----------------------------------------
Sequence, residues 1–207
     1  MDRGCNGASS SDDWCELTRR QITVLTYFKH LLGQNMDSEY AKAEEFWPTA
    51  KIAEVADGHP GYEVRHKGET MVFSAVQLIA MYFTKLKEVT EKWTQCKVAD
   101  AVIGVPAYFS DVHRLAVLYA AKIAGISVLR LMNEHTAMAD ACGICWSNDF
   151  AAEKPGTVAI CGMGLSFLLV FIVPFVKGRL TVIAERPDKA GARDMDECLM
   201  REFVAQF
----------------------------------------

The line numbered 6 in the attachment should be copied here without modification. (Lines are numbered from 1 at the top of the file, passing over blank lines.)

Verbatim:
   201  REFVAQF